I can say with confidence that rich people don’t create jobs, nor do businesses, large or small. What does lead to more employment is a “circle of life” like feedback loop between customers and businesses. And only consumers can set in motion this virtuous cycle of increasing demand and hiring. In this sense, an ordinary middle-class consumer is far more of a job creator than a capitalist like me.
Emphasis added. Full Article: The Inequality Speech That TED Won’t Show You (Oooh! TED censorship! How scandalous!)
The purpose of the claim, as I can tell, is to relieve any anxiety the reader may have felt about the government’s helping itself to people’s property:
That’s why our current policies are so upside down. When you have a tax system in which most of the exemptions and the lowest rates benefit the richest, all in the name of job creation, all that happens is that the rich get richer.
So, help yourselves, Washingtion! Help yourselves, America! Don’t worry. You won’t kill any jobs! ….Well, okay. Not so fast.
The claim came from an successful businessman, Nick Hanauer, so I kind of feel a little out of my league talking back to him like a whipper-snapper, but the fallacy seemed easy enough to spot, so I’ll get the idea out there. Just prior to making his bizarre claim, Nick said:
I have started or helped start, dozens of businesses and initially hired lots of people. But if no one could have afforded to buy what we had to sell, my businesses would all have failed and all those jobs would have evaporated.
“What we had to sell” is presented here as a given. It isn’t a given. It’s a choice. Nick seems to think that the purpose of a business is to sell whatever he wants to sell, or whatever he has. So if Nick wants to sell porcupine-on-a-stick, or if Nick wants to sell apples at $20 a pound, then that’s that. It is now up to the consumer to ratchet up the necessary demand for porcupine-on-a-stick and overpriced apples—else no jobs will be created at Nick & Co. Novelties and Overpriced Apples, and the economy will languish in doldrums. If consumers do not come around to whatever Nick is selling, then the job of politicians and economic planners is to push consumers around, through various ham-handed stimulus and economic policies, to whatever he is selling.
Let me suggest an alternative business model: The purpose of a business is not to sell whatever you want, or whatever you have . The purpose of a business is to sell whatever the consumers want. If consumers do not want porcupine-on-a-stick, then Nick needs to start making something else. If consumers want apples, but do not want them at $20 a pound, then Nick needs to find a way to lower his prices. Nick needs to get on the proactive. Let’s try this business model out on Nick’s own examples:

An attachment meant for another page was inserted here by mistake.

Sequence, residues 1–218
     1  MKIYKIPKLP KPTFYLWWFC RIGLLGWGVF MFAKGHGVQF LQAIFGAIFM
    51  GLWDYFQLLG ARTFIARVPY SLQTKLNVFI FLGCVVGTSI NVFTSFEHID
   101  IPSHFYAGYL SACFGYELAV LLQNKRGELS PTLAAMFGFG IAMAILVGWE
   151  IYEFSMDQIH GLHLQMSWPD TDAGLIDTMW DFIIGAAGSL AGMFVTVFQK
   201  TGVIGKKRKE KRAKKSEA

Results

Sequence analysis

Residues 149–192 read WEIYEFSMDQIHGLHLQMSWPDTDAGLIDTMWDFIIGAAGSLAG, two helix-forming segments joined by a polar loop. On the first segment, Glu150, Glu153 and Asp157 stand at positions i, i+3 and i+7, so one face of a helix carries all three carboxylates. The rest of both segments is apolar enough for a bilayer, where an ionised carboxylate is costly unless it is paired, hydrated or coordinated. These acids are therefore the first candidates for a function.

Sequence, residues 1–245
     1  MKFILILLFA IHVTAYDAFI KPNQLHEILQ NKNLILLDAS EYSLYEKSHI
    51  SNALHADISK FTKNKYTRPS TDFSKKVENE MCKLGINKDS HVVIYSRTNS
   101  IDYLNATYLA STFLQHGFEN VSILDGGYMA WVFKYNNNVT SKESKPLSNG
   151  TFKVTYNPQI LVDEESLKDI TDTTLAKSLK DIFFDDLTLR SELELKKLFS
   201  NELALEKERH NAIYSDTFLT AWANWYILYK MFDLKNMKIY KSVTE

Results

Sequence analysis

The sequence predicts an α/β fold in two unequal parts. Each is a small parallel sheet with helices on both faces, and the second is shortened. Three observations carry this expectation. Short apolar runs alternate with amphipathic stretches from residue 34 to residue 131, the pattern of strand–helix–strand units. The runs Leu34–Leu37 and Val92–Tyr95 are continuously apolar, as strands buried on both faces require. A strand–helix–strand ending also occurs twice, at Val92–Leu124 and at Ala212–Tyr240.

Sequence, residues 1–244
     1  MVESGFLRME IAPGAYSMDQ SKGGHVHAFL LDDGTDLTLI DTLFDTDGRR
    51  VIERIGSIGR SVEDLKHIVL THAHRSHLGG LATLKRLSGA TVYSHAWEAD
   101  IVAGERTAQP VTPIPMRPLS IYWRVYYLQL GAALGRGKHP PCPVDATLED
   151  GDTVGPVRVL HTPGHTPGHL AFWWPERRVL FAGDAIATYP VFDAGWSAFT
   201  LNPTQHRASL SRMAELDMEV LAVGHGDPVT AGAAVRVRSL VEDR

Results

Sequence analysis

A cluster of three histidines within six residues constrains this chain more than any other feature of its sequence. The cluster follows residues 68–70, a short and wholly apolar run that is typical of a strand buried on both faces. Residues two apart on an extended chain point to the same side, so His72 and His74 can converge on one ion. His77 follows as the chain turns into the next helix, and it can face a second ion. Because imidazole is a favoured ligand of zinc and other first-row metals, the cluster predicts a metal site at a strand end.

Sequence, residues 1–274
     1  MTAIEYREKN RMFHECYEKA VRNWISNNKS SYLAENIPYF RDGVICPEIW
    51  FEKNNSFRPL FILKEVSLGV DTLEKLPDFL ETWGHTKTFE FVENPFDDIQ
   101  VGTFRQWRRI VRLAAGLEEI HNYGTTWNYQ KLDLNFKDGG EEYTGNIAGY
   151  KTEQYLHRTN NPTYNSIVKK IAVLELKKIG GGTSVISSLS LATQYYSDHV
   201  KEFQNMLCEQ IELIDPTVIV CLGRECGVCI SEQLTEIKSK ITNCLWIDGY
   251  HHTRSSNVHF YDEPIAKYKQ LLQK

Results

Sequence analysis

I can’t buy enough of anything to make up for the fact that millions of unemployed and underemployed Americans can’t buy any new clothes or cars or enjoy any meals out.
Nick will have us believe that Americans want absolutely nothing other than new clothes and meals out, and if they can’t have these things, then forget it. They’ll just sit on their duffs and wallow in filth until some politician offers them a cash infusion. No Nick. These consumers still want things. Your job as an entrepreneur is figure out what those things are and how to get those things to consumers at prices they can afford.
If the consumers do not want to buy new clothes, perhaps it is because some other necessity has taken priority over new clothes. Perhaps their old clothes will do for the time being while they tend to more urgent things. Your job as an entrepreneur, Nick, is to figure out what those things are and start providing them.
If the customers either do not want or can not afford meals out, then your job is to provide TV dinners and Redbox movies. Or, alternatively, your job is to rethink the “meal out” until it can be delivered to consumers at a price they can afford. You do that, Nick. That is your job.
Now admit reality: the sort of research and development required to bring an affordable product to market is a little more difficult to carry out with a pocketful of leechy government fingers. It is. Really.
Now Nick is a successful businessman, so who am I to criticize? He’s found a working formula: He happens to provide things that people want. Good for him, and congratulations. He should keep his money, whether he creates jobs with it or not. Successful as he is, however, I’m not convinced that he has correctly described the “delicate feedback loop” that exists between customers and businesses. Consumers are not the only ones who can set the cycle in motion. Thoughtful businessmen can do it, too.
“Do not think you will necessarily be aware of your own enlightenment.” ~ Dōgen